Setting a business model can be a controversial topic in many companies, and few decisions can have a bigger impact on the shape of your business. Figuring out what to charge for, and how to charge for it, can feel like a daunting task. And once you think you know how to charge, figuring out where to set prices is another important decision.
One aspect that makes business model decisions so daunting is the breadth of factors that influence them. Competitive pressures, company objectives, channel design, and technical or go to market parameters have to be taken into account. And as you set the business model, your own management team has to understand how to evaluate the business on a regular basis.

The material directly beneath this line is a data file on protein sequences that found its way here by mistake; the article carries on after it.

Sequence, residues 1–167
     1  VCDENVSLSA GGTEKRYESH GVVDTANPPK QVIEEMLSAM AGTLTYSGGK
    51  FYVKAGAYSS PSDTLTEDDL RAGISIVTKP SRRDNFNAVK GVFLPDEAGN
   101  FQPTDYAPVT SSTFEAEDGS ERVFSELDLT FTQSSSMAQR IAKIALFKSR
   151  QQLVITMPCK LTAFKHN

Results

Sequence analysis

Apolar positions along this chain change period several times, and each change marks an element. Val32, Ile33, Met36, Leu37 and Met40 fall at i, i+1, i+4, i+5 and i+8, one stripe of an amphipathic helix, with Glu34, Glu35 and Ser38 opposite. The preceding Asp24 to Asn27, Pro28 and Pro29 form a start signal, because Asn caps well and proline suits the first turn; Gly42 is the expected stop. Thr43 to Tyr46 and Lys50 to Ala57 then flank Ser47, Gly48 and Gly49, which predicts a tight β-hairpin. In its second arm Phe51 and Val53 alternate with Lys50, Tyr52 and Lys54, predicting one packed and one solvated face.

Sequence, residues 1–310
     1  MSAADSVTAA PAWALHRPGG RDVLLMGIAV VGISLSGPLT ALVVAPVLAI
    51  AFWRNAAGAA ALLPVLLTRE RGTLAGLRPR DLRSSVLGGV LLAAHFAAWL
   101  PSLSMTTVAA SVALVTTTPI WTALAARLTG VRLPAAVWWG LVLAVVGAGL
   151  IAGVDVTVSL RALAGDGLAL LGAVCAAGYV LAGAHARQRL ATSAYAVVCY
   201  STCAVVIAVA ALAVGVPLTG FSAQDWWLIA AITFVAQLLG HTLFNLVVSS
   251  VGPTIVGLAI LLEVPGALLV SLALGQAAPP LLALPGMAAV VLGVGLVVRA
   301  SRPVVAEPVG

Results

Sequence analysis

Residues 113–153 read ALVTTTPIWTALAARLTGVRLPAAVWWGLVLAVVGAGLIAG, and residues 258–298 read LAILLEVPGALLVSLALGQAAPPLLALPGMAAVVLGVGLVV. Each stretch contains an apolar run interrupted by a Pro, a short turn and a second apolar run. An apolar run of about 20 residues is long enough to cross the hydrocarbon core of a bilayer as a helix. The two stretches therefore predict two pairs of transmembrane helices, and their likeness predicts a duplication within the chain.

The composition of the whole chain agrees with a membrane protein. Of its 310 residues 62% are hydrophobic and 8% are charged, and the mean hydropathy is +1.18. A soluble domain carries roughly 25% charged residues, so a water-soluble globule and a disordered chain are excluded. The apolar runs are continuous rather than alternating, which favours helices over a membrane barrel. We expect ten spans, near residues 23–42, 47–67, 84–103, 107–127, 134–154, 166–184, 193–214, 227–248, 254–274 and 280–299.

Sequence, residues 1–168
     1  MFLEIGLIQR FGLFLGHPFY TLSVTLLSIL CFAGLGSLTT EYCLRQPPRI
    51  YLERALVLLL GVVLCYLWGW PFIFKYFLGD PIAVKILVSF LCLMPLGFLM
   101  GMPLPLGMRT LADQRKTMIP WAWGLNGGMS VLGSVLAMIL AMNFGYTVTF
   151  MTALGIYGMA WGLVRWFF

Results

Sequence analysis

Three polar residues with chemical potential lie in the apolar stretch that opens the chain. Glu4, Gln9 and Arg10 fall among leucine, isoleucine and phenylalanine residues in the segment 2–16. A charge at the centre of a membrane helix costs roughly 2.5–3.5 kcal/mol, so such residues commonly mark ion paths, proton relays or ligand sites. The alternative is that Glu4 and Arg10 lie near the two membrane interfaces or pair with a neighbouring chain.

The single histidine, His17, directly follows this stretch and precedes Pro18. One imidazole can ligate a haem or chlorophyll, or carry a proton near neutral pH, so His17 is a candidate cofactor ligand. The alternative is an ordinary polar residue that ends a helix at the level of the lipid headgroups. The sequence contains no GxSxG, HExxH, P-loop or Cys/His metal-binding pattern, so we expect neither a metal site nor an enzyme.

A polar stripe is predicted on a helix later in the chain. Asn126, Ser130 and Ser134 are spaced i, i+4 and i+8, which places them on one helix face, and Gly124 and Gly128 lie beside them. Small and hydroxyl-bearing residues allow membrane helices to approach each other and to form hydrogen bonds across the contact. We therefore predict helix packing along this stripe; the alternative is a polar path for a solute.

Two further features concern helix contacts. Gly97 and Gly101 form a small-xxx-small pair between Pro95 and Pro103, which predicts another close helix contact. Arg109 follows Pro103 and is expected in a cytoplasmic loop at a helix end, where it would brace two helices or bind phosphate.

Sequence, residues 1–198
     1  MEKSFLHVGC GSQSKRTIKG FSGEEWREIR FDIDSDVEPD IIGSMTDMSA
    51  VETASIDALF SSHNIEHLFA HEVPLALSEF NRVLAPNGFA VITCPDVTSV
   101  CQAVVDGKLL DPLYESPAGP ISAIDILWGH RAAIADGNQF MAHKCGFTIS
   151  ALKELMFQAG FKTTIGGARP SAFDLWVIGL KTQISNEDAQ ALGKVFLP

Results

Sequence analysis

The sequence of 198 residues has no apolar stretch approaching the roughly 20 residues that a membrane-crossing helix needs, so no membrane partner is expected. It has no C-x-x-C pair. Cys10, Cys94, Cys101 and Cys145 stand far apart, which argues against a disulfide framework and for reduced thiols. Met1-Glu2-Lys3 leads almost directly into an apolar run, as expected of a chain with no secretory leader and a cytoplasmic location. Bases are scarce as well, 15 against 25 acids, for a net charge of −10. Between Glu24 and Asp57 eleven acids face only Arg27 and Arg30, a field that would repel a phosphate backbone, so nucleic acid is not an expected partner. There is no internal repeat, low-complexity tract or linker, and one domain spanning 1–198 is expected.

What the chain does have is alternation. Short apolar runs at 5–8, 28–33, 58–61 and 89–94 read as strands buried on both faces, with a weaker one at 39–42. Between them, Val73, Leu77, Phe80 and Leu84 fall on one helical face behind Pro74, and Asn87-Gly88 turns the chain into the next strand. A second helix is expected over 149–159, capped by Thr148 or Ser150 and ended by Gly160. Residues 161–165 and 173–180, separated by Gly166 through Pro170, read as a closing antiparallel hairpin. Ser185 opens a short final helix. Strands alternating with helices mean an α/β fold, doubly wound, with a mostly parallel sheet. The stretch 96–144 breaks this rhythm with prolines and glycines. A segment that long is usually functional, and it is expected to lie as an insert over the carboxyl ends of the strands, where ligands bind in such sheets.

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There is a good way forward. A business model can be designed in a way that's thoughtful and practical. Our experience is that a it needs to align to the perspective of the customer (and if appropriate, the channel partner). Models that achieve that goal are easier to explain, and that makes sales and marketing more efficient. Without a clear sense of the customer's perspective, it's very challenging to balance other factors that can influence the model.
If your business model is already established or known, the goal may be to understand what flexibility you have, and what might raise sales, change perceptions, alter channel behavior, or increase margins. In those cases, the role of price in changing behavior might be more important.
Whether you're doing business model design for a new product, or working within an existing ecosystem, we can help. Contact us to find out how.